Abuses by Clergy Become New Focus
By SAM DILLON - THE NEW YORK TIMES
April 5, 2002
SANTA ROSA, Calif., April 4 In the only
sexual abuse trial of a priest now before an American jury,
the Rev. Don Kimball stands accused of raping a 14-year-old
girl near the altar of a Roman Catholic church 25 years ago,
when he was a youth minister who mixed massage therapy and
rock music with Bible readings.
Legal scholars said it appeared that Father Kimball could
not be tried in any other state, because the statute of limitations
had run out for the charges against him. In California, however,
a 1993 law that is unique in the nation effectively eliminated
statutes of limitation for sex abuse. In Sonoma County, the
district attorney, J. Michael Mullins, has pursued priestly
abusers with unusual determination.
"God intends me to do my duty under the law," Mr.
Mullins, who is Catholic, said.
But if the California law and Mr. Mullins's tough stance
have made Father Kimball's trial unique for now, that may
be changing. Prosecutors in several regions said they were
seeking new ways to interpret laws that could allow them to
press criminal charges against abusive priests even when statutes
of limitation would seem to block them.
Other law enforcement actions from Maine to Los Angeles in
recent days suggest that prosecutors across the nation are
shedding long-held concerns of taking on a powerful institution
like the Roman Catholic Church and adopting a more aggressive
posture toward reports of sexual abuse by the clergy.
In Detroit and Cincinnati, prosecutors served subpoenas on
a bishop and an archdiocese last week, demanding information
about priests accused of sexual misconduct. In both cases,
the prosecutors called their actions unprecedented for their
Michael K. Allen, the Hamilton County prosecuting attorney
who issued the subpoena on the Cincinnati Archdiocese, said
scores of citizens called his office to urge a tough stance.
"People are saying, `Hey, Mr. Prosecutor, these abuses
are terrible, go after them!' " Mr. Allen, who is Catholic,
In St. Louis, the prosecutor collected dozens of previously
unreported sexual accusations against priests after inviting
citizens to report abuses, allowing her to open new criminal
investigations against more than a dozen current or former
priests, a spokesman said.
In Maine, eight district attorneys asked the Portland Diocese
to release records of accusations of sexual abuse dating back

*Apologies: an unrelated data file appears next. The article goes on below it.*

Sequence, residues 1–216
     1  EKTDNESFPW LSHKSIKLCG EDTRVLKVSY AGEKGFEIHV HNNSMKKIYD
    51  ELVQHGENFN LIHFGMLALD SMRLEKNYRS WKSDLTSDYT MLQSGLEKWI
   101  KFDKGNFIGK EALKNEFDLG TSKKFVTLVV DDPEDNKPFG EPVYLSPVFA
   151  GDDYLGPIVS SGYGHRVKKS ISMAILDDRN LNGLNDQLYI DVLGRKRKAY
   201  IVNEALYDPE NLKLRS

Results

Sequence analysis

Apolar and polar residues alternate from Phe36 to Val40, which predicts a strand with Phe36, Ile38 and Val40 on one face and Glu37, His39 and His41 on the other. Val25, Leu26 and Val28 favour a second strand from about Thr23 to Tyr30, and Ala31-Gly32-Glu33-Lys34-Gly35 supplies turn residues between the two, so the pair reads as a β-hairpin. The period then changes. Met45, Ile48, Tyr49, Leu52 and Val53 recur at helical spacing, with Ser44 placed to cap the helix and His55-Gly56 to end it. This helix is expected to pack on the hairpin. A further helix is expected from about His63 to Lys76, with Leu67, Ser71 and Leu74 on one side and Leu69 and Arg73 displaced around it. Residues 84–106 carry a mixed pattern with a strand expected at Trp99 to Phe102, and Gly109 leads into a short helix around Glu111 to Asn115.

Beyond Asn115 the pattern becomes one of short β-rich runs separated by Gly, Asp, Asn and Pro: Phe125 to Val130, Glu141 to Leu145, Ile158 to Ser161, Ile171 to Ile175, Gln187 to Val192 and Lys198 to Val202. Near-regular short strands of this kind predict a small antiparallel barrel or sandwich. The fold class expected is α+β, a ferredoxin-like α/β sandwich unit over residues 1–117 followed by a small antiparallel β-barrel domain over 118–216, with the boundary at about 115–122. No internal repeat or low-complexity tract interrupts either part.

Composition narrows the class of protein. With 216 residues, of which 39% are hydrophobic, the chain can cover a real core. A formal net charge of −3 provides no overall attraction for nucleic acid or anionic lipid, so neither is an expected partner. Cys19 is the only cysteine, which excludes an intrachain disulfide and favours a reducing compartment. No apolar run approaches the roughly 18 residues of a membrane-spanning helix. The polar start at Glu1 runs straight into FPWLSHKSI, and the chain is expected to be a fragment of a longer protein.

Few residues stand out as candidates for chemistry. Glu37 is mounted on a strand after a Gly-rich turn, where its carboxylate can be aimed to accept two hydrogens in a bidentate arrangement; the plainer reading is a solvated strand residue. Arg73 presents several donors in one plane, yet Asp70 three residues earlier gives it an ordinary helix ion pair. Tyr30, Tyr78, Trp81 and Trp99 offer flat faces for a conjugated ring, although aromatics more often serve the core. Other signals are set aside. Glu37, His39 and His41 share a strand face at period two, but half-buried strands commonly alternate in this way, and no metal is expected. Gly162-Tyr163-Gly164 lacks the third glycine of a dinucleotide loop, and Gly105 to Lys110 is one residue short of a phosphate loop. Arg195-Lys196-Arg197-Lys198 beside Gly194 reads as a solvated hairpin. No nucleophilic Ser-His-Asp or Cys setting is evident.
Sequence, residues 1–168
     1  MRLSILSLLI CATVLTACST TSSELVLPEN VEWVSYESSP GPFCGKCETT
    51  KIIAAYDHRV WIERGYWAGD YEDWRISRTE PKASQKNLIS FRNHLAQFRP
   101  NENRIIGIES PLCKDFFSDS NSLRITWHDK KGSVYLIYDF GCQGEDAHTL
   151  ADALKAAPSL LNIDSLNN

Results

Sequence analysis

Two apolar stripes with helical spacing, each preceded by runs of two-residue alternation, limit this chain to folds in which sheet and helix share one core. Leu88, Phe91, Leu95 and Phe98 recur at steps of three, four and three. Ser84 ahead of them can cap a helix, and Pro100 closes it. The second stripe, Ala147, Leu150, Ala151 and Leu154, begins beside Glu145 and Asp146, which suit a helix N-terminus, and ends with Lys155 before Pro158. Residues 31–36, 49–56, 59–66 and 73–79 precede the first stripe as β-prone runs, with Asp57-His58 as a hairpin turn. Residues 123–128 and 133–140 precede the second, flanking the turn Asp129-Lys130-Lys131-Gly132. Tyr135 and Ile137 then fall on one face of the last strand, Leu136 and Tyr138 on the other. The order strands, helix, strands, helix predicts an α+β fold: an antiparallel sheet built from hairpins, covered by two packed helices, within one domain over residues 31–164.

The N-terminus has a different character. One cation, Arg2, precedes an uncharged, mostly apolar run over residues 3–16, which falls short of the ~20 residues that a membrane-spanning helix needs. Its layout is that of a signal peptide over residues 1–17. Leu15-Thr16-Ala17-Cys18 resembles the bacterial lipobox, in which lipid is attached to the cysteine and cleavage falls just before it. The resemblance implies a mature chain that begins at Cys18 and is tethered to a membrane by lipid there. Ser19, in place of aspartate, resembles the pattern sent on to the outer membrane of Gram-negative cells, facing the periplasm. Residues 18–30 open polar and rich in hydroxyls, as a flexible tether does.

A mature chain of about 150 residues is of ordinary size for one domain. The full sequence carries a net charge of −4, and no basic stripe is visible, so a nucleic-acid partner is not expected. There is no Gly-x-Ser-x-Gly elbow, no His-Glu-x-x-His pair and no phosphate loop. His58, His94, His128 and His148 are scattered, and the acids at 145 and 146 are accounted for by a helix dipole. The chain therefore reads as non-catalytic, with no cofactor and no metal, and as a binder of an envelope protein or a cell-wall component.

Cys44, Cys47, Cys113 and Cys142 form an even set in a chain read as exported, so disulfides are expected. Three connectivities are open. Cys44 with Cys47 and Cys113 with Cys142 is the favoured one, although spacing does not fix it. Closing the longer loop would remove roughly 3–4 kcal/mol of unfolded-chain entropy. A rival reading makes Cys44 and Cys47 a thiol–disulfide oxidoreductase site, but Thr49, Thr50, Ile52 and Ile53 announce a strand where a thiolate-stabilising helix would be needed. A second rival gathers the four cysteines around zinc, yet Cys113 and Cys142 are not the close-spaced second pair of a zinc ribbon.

75 years and said even cases for which statutes of limitations
had expired could yield information leading to new prosecutions.
In Los Angeles, the district attorney and police chief insisted
that the archdiocese comply with statutes requiring the clergy
to report sexual abuse to law enforcement agencies, thus prying
loose enough new information to begin several criminal investigations.
Just this week the Archdiocese of New York, after weeks of
resistance, complied with the request of the Manhattan district
attorney, Robert M. Morgenthau, turning over personnel files
on priests who had been accused of sexual abuse in the past
"I've watched law enforcement deal with church authorities
for decades, and a monumental change has swept the country
in the last few months," said A. W. Richard Sipe, a retired
psychologist who has appeared as an expert witness in more
than 50 sexual abuse trials. "Prosecutors are not acting
as timidly in the face of the church as they once did."
Bill Ryan, a spokesman for the United States Conference of
Catholic Bishops, said he was aware that sometimes prosecutors
had not filed charges against priests accused of abuse, often
because statutes of limitation had expired or because victims
did not want to be publicly identified.
"Sometimes prosecutors felt there was nothing they could
do with these things," Mr. Ryan said. "I certainly
wouldn't say it was because prosecutors were afraid of the
Catholic Church, because I don't know that to be true."
"Obviously there's a different attitude now," Mr.
Ryan added. "Authorities in some places are saying, `Give
us names, we don't care how far back they go.' "
Some prosecutors interviewed this week disputed the notion
that they and their colleagues across the nation had ever
been reluctant to prosecute members of the clergy. But several
lawyers, law professors and advocates for abuse victims said
prosecutors had rarely acted with as much vigor as the plaintiffs'
lawyers who have collected huge civil settlements from the
church on behalf of abuse victims.
Sylvia Demarest, a Dallas lawyer, used statistics to support
that argument. From among the 46,000 American priests, Ms.
Demarest said, she has collected 1,200 names of priests accused
of sex crimes against minors. Of those, only about 120 ever
had criminal charges lodged against them, and fewer than 80
served time in prison, she said.
A clear sign of change was the subpoenas issued last week
by the two Midwestern district attorneys.
In Detroit, the Wayne County prosecutor, Mike Duggan, issued
a subpoena to Bishop Kevin Britt, who handles sexual abuse
issues for the Archdiocese of Detroit, to give sworn testimony
Rebecca R. Tenorio, a spokeswoman for Mr. Duggan, said that
after a middle-aged woman reported sexual misconduct by a
priest to the police in a Detroit suburb the police requested
that Mr. Duggan issue an arrest warrant. To verify the accusations,
Mr. Duggan subpoenaed Bishop Britt, Ms. Tenorio said. A lawyer
for the archdiocese said the bishop would comply.
In Cincinnati, the decision to issue a subpoena grew from
an announcement by Archbishop Daniel E. Pilarczyk in mid March